Cheri Glover

♥ My heart condition: Congenital Heart Defect, Heart Murmur

Training Facilitator/Model, New York

Cheri Glover was born with a congenital heart defect, known as a heart murmur. When she got older, the heart murmur caused the blood in her heart valve to flow in the opposite direction. She had open-heart surgery to correct the problem at the age of 27. After surgery, she wanted to pursue her childhood dream of modeling. Even though she was afraid, her mentor Di’Mon Brown, family and close friends encouraged her to pursue modeling. As a result, Cheri has participated in fashion shows, joined two modeling companies and was featured as a cover model for two magazines. One of the magazines is Beautiful & Dauntless and the other is She Is EMagazine.

February 2019 marked 10 years since Cheri had open-heart surgery. She wanted to commemorate the 10 years of having a healthy heart by giving back and spreading the awareness of heart disease. Many people are oblivious to what heart disease is and how many lives it impacts. Therefore, Cheri would like to educate others on this matter and share her story of being a survivor. This is why she decided to partner with the American Heart Association.

Melanie Falcon

♥ My heart condition: Bicuspid Aortic Valve and Anomalous Coronary Artery

69 News at 4:00 Anchor, Allentown

Melanie Falcon unexpectedly found herself a heart patient when she was in her 20s. She was active, healthy and never had any symptoms her whole life, but then she developed an infection in her heart and discovered it was due to a bicuspid aortic valve. She had emergency open-heart surgery to replace that valve and repair where the infection had damaged her heart. Then, seven years later, the valve wore out earlier than expected and subsequent testing found that Melanie also had an anomalous coronary artery. This basically means her artery didn’t originate from where it should, potentially causing life-threatening issues. So, in November of 2019, she had her second open-heart surgery to again replace the valve and fix her coronary artery.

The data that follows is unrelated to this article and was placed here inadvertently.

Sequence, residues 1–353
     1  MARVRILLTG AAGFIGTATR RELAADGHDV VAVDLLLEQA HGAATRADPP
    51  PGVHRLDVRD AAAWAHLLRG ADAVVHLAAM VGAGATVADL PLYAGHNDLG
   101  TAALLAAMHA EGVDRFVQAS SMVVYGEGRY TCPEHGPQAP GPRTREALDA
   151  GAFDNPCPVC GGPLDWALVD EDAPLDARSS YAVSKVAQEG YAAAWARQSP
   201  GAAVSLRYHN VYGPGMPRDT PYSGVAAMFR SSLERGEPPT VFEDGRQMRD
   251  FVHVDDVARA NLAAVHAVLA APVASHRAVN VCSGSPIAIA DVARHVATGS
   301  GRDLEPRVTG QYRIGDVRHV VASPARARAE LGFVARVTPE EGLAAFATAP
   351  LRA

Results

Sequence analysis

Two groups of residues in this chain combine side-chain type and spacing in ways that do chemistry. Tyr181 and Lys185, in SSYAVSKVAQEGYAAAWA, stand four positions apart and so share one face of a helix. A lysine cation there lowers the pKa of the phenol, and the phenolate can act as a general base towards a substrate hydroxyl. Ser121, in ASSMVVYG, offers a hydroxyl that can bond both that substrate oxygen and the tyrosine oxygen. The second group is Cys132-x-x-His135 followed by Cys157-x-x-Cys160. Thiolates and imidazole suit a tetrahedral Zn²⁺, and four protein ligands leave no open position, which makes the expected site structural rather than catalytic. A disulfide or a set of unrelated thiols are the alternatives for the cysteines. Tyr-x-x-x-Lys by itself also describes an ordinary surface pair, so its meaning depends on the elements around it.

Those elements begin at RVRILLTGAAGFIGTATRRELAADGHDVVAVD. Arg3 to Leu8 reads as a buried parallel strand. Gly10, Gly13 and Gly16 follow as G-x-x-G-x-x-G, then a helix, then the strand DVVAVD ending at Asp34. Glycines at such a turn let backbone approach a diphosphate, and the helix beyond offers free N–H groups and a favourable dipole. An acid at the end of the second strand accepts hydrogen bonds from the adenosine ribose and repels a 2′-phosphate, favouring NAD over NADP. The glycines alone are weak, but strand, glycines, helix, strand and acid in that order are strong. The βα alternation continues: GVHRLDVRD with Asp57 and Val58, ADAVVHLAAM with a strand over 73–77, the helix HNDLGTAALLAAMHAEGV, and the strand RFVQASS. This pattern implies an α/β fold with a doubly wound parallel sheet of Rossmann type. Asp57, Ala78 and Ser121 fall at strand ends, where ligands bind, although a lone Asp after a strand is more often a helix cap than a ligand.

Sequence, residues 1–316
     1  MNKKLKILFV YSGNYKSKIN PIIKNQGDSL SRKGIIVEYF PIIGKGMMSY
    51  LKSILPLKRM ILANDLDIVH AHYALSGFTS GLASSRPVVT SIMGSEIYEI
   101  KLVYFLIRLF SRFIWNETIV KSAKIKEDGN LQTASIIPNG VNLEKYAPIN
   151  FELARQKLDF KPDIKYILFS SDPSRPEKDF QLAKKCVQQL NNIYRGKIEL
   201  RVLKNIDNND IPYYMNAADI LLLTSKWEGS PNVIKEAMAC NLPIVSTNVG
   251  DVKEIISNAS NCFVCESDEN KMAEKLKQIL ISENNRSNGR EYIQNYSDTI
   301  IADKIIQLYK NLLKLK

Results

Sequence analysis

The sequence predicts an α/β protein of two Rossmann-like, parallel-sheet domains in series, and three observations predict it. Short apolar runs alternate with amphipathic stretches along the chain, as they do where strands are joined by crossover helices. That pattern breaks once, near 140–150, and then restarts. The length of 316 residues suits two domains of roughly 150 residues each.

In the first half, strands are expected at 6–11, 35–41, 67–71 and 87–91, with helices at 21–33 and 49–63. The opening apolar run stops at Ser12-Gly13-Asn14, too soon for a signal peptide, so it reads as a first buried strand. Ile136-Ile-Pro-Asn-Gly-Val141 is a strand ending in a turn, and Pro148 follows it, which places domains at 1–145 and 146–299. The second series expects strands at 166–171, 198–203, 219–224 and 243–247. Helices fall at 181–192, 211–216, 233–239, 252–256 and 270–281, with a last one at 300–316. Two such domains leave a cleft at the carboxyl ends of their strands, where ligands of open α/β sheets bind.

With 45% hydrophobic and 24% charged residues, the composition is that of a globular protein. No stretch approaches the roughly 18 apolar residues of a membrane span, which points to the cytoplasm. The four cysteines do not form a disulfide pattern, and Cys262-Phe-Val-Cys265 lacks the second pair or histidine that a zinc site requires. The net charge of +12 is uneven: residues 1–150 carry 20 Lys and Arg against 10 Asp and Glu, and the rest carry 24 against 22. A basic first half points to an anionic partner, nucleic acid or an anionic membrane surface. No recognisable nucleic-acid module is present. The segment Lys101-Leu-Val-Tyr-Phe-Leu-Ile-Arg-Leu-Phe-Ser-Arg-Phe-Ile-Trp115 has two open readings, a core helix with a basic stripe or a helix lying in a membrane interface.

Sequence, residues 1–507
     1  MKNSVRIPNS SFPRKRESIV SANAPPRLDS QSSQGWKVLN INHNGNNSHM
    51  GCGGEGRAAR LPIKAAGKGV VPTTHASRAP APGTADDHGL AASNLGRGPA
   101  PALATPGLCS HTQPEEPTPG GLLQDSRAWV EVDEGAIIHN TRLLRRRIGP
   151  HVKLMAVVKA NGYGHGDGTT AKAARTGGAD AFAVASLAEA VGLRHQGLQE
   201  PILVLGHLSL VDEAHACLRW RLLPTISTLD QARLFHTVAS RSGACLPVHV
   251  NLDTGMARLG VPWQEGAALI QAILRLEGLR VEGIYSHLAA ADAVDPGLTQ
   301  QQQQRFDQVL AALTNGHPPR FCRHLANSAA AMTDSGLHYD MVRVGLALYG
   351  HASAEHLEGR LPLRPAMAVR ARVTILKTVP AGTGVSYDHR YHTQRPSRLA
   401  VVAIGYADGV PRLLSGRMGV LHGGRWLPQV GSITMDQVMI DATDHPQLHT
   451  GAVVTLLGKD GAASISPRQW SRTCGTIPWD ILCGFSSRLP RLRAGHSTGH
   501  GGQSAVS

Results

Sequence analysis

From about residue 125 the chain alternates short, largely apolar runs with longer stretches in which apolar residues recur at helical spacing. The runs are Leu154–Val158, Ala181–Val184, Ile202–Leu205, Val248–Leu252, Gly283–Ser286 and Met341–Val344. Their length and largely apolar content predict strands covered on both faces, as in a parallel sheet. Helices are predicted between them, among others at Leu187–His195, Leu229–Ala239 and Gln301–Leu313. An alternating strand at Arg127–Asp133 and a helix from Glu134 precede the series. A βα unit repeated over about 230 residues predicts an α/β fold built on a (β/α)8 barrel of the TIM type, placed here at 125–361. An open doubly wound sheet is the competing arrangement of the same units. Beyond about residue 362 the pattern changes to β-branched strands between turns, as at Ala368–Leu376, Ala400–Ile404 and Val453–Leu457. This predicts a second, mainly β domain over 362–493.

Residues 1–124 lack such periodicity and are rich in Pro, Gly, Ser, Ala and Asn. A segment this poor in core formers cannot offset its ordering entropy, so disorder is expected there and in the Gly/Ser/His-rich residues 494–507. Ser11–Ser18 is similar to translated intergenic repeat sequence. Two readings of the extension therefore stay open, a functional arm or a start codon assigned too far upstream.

Melanie is in a unique position as a news anchor to be able to publicly share her story and hopefully touch many lives. She is a strong supporter of listening to the body, advocating for one’s self, and getting medical testing done—both routinely and as needed. The AHA is a great advocate for those same things, and she’s proud to partner with them to spread awareness of heart disease and congenital heart defects.

Regina Welkie

♥ My heart condition: Arrhythmogenic Right Ventricular Cardiomyopathy (ARVC), Ventricular Tachycardia, ICD

Physician Assistant/Assistant Professor and Clinical Coordinator, DeSales University Physician Assistant Program, Coopersburg

Lifelong athlete Regina Welkie began experiencing palpitations, difficulty catching her breath and lightheadedness while exercising seven years ago. Diagnosed with benign arrhythmia, she continued to run and cycle, but the symptoms worsened to a pounding in her chest and episodes of near fainting that required her to stop and even lie down. At one urgent admission to the cardiac ICU, doctors found a scar on her heart that caused the arrhythmia. Later, after a near-fall from a treadmill when symptoms reappeared, she knew her running and cycling days were over. Further testing led to a diagnosis of arrhythmogenic right ventricular cardiomyopathy (ARVC), a genetic condition that often presents in young athletes that can progress to heart failure. She underwent three separate cardiac ablations to prevent further arrhythmia. It was difficult for Regina to accept her doctors’ advice to restrict those activities that long defined her identity, but she’s gracefully made adjustments to slow down, take care of herself and live life with (literally) a different rhythm.

Since her diagnosis, Regina has wanted to become more involved in heart health advocacy. Her story is somewhat unique and she hopes to increase awareness of ARVC and its symptoms. As a young woman living with a chronic heart condition, she hopes to be an inspiration for others who may have a similar diagnosis or who are living with ICDs and feel they can’t continue to thrive despite limitations.

Natalie Solderich